Further evidence in the trial was given by the yield of a plot treated with a mixture of lower rates of Opus and Poraz equalling that of higher rates of Opus alone, he suggests. “It shows prochloraz could improve performance of azole fungicides as a pre-treatment or in mixture.”
Case not proven (yet)
The case for prochloraz is nowhere near as strong, at least not yet, as it was for using chlorothalonil following septoria resistance to strobilurins. While there have been promising field trials results for using prochloraz, it must be remembered that these are relatively few in number and most came in a season when septoria took a back seat to brown rust as a threat in winter wheat.
Harper Adams University College trials, for prochloraz manufacturer Nufarm, were also encouraging. Septoria control from two sprays of a combination of tebuconazole and prochloraz (Grail) yielded 1.4t/ha more than the untreated, says Nufarm’s Tudor Dawkins, while yield responses from Grail’s components were 0.5t/ha from tebuconazole and 0.7t/ha from prochloraz when applied alone. “The combination gave more yield than you might expect from simply adding the components.”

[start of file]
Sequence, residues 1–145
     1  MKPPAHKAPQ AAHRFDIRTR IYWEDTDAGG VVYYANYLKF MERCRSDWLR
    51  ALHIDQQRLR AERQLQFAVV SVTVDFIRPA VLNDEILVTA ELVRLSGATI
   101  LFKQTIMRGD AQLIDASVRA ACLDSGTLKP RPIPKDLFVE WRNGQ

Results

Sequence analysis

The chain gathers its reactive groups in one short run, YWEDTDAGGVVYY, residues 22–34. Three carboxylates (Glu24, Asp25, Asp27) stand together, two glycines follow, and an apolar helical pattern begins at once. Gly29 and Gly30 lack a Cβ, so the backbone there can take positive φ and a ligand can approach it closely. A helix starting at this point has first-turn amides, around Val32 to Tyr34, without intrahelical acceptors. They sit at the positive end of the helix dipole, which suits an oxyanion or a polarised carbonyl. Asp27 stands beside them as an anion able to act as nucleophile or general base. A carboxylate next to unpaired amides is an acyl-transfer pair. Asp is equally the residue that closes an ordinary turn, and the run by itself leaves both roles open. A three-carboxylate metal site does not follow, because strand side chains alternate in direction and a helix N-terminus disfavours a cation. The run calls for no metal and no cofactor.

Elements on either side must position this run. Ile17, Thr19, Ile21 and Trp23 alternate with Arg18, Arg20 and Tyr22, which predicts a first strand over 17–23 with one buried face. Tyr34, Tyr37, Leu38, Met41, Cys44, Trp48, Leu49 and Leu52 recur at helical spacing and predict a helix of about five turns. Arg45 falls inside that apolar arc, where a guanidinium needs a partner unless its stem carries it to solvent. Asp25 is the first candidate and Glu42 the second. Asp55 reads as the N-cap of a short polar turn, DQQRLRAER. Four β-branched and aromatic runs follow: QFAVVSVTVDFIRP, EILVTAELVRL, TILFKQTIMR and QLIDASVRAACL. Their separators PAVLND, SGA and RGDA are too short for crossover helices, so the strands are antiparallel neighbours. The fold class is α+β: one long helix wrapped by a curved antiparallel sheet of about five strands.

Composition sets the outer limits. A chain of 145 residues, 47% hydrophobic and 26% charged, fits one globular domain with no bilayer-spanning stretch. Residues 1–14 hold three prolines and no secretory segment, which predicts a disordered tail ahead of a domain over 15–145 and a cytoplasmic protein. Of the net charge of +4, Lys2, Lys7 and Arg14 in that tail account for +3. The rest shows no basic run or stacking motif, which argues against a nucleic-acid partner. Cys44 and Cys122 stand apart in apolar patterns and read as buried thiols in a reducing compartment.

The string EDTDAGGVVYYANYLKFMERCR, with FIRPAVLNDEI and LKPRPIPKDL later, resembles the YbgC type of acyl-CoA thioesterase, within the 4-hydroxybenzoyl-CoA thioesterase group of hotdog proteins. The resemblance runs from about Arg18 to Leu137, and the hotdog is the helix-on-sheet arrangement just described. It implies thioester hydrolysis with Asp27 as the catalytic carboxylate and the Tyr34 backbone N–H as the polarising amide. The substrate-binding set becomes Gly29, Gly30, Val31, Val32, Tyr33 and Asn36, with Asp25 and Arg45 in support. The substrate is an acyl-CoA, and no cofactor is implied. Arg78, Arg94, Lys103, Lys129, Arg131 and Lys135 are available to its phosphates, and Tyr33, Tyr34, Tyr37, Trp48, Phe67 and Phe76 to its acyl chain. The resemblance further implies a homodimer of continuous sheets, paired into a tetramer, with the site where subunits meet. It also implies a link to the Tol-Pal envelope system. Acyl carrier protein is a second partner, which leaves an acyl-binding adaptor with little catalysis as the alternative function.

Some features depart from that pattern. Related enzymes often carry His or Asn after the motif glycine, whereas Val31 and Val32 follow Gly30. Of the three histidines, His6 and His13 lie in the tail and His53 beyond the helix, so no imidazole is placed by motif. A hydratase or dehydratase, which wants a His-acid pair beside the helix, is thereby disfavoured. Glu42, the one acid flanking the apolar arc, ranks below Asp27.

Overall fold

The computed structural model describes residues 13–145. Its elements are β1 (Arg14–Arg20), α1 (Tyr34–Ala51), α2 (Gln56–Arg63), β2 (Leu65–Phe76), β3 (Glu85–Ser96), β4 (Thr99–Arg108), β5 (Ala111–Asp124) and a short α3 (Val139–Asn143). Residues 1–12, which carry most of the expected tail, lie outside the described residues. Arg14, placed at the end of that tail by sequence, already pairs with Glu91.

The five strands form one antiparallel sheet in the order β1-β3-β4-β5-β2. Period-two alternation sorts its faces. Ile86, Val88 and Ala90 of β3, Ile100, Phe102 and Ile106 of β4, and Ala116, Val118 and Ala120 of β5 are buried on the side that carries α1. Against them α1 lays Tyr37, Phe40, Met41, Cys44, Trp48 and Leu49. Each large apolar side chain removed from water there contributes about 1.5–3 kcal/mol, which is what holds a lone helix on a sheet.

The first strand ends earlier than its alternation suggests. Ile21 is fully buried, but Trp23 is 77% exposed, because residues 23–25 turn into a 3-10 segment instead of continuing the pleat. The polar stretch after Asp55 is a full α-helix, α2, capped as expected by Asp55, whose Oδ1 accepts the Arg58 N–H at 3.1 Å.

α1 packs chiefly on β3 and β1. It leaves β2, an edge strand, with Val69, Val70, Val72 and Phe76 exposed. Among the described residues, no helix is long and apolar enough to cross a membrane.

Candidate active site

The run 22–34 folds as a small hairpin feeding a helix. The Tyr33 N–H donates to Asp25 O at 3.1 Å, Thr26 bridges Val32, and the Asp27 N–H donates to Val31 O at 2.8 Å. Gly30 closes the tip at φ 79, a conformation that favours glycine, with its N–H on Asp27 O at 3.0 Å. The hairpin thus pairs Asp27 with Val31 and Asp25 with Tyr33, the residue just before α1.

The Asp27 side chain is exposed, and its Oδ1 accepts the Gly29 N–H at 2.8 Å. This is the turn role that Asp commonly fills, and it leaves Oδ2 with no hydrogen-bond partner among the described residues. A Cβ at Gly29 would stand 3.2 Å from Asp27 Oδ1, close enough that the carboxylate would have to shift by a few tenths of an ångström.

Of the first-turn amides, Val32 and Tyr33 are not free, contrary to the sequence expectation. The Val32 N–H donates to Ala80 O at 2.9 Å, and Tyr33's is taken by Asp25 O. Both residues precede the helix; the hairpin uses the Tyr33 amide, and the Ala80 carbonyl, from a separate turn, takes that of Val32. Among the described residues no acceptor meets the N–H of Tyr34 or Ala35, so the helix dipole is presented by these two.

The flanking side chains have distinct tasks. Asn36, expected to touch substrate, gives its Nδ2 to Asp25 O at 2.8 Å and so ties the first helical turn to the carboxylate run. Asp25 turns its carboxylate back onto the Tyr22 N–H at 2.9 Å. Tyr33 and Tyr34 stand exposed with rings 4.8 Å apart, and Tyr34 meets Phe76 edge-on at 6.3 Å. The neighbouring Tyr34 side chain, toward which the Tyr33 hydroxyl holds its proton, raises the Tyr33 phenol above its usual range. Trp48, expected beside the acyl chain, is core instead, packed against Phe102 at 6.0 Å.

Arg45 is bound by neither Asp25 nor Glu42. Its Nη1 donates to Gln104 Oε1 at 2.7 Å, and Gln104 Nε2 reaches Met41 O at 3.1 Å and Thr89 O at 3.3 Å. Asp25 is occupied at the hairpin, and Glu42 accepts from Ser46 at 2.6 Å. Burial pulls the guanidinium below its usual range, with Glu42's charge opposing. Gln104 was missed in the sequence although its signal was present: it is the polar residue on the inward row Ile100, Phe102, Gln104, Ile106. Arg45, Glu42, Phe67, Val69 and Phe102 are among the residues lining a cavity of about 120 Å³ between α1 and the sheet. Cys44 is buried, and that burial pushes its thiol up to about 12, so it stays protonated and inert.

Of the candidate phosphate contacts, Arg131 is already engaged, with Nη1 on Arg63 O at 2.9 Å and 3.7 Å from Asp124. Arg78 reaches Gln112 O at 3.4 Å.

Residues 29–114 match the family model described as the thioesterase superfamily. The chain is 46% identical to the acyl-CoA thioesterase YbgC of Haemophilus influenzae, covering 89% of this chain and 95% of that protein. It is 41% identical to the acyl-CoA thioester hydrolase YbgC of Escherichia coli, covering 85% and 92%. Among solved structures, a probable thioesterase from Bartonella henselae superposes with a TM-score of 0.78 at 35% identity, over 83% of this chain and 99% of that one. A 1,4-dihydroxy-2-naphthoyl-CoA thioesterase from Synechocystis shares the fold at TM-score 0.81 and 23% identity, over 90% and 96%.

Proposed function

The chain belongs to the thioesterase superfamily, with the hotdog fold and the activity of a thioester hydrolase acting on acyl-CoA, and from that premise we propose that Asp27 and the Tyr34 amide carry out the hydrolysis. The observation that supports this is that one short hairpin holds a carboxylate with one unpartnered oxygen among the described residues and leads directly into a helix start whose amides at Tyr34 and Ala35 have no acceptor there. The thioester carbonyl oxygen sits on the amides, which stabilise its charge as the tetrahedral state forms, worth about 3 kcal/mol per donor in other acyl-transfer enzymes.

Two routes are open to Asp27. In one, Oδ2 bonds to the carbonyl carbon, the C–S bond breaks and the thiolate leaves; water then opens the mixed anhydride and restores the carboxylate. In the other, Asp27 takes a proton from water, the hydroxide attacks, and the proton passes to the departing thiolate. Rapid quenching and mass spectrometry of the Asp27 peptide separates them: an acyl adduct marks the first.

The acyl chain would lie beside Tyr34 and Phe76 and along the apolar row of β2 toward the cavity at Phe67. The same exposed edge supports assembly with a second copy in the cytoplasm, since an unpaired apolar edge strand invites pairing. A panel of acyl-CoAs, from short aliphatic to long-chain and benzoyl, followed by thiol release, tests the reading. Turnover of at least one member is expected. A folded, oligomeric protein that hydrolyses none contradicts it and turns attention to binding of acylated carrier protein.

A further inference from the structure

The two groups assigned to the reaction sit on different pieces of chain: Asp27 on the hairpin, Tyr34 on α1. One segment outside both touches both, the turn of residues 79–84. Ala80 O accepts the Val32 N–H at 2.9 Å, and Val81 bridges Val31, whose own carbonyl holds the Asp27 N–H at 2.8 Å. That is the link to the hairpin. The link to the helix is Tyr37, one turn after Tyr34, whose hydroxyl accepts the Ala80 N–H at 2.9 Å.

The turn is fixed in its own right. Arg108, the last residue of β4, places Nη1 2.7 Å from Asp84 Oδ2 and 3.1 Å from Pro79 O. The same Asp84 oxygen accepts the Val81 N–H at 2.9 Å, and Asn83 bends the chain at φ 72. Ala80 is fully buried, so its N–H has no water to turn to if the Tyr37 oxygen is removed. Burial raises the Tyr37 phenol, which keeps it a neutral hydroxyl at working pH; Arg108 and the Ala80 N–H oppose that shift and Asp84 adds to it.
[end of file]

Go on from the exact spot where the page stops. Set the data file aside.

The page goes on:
Adding prochloraz to other triazoles, including epoxiconazole and prothioconazole also improved both disease control and yield of the partner triazole applied alone, he adds. “Prochloraz isn’t the silver bullet, but there is enough circumstantial evidence to suggest that it can be a useful component of the programme, and help maintain the activity of other triazoles for longer.”
Should growers use prochloraz this season?
Not surprisingly Dr Dawkins believes adding 0.75 litres/ha of prochloraz would prove prudent for many growers, particularly at T0 or T1. “There is a strong case for a triazole/prochloraz/chlorothalonil mix. The prochloraz adds another weapon against disease sensitivity shifts.”
Using the three-way combination would cover the spectre of brown rust, as well as septoria, and provide some eyespot control, he says.
But other experts are more cautious. Rosie Bryson of BASF says it is important to not get distracted by the resistance management issue. “You’ve got to bear in mind prochloraz’s disease control capabilities, and while there is some data to suggest we are seeing better control with it recently than historically, epoxiconazole should remain the mainstay for control.”